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In part III of your critique, you quote Schwartz as follows:

 

America could readily take over the oilfields [in Saudi Arabia] militarily (they properly belong to Western companies anyway, which developed them and from which they were expropriated decades ago by the Saudi state). The only explanation is that we have morally acquiesced to the Saudis. We are reluctant to pronounce judgment on them. We don’t believe we are entitled to assert our own standards. We have concluded that we must compromise those standards—i.e., that we have to give up some of our freedom—in order to accommodate the wishes of tyrants. (38)

 

You then go on to say,

 

Well, this is not “the only explanation.”

 

You then give a detailed review of the evolution of the ARAMCO situation and how it was not a proper process of acquiring property, the point being, I suppose, that ARAMCO never had clear, legitimate title to the property.

 

So, is it your position that the real explanation for why we don't reclaim the oil fields is that Bush understands we never properly owned them?  Is it your position that if we had properly owned them, Bush would smash the Saudis tomorrow and return the property to its rightful owners?

 

Would you have us believe that Bush is, in fact, prepared to pronounce judgment on Saudi Arabia, that he is prepared to assert our standards and back it up with action against the Saudis, if only ARAMCO had not so badly screwed things up?  Are you saying that Bush is not willing to surrender some of our freedom to accommodate the wishes of tyrants?

 

And if you are not saying those things, what difference does all that detail really make?  It is the specifics of how an irrational foreign policy gets implemented by a mixed-economy, semi-fascist, partially-free country.   So what?  Schwartz might be wrong on the issue of who properly owns the oil fields, but that surely does not make him wrong about how altruism and pragmatism have corrupted our foreign policy.  And that is by far the more important issue.

 










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Post 5

Saturday, December 11, 2004 - 8:48pmSanction this postReply
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I've not read the Schwartz book, but I can readily imagine its being rife with that ARI blight, rationalism, as Adam suggests. Nor have I read Dr. Diabolical's 5-part critique, except in its previous incarnations here. But I can readily imagine my agreeing with Michael Smith, above. I often tease Chris that he's assuredly no rationalist, but an empiricist, splashing around in an ocean of details way beyond the point at which they are useful or suggestive of a course of action. Rather, they become an excuse for *inaction.* I note that here they are invoked in the cause of: "Don't reclaim the oilfields." I've seen them invoked on behalf of: "Don't invade Iraq," of course. The point is, one should treat details selectively, identifying those that are key to the big picture, & then get on & make big picture decisions.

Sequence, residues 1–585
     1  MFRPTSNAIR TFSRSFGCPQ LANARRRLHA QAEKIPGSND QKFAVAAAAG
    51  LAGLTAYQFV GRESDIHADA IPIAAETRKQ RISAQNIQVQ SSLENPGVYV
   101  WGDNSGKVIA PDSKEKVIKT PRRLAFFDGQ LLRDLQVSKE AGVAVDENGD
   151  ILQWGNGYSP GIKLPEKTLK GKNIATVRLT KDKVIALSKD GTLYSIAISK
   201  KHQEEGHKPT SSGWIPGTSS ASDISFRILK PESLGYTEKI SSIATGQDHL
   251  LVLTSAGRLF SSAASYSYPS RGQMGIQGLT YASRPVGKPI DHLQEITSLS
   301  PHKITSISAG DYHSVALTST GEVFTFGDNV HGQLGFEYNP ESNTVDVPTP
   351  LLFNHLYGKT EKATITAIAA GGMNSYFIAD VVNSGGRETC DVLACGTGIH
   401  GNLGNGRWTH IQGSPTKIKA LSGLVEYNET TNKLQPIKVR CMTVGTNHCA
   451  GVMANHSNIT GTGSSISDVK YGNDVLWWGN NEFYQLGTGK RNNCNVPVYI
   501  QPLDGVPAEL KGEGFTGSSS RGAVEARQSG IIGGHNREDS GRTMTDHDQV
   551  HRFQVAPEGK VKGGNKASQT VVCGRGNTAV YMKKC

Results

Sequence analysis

I've said to Diabolical before that if a tidal wave arrived, while the rest of us were running/motoring/whatever for our lives, he'd be immobilised, paralysed because he hadn't yet seen the thing from every conceivable vantage point! The rest of us have seen enough to get the hell out of its way! :-)

Linz



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Saturday, December 11, 2004 - 11:08pmSanction this postReply
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Awww, Linz, you sure you don't want to bring out the big guns for this thread?

Well, just for good measure: you're all a bunch of Saddamites!




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Post 7

Sunday, December 12, 2004 - 8:28amSanction this postReply
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With regard to U.S. policy in Saudi Arabia, Michael S. asks:  "is it your position that the real explanation for why we don't reclaim the oil fields is that Bush understands we never properly owned them?"

No.

"Is it your position that if we had properly owned them, Bush would smash the Saudis tomorrow and return the property to its rightful owners?"

No.

"Would you have us believe that Bush is, in fact, prepared to pronounce judgment on Saudi Arabia, that he is prepared to assert our standards and back it up with action against the Saudis, if only ARAMCO had not so badly screwed things up?"

No.

"Are you saying that Bush is not willing to surrender some of our freedom to accommodate the wishes of tyrants?  And if you are not saying those things, what difference does all that detail really make?"

Let's back up. 

First, principles. 

I do not believe that the U.S. taxpayer or the U.S. military should be bailing out any corporation or conglomerate that chooses to enter into contractual relationships with governments that do not generally respect property rights.  If such companies choose to do that, they should keep whatever profits they gain by virtue of such contracts---even if these contractual arrangements are gained through monopoly concessions, as in the case of ARAMCO.  But they do not have the right to have their risks socialized by the U.S. government.  They take the risk, they can keep the profits, but they can't expect the U.S. to bail them out if things go south.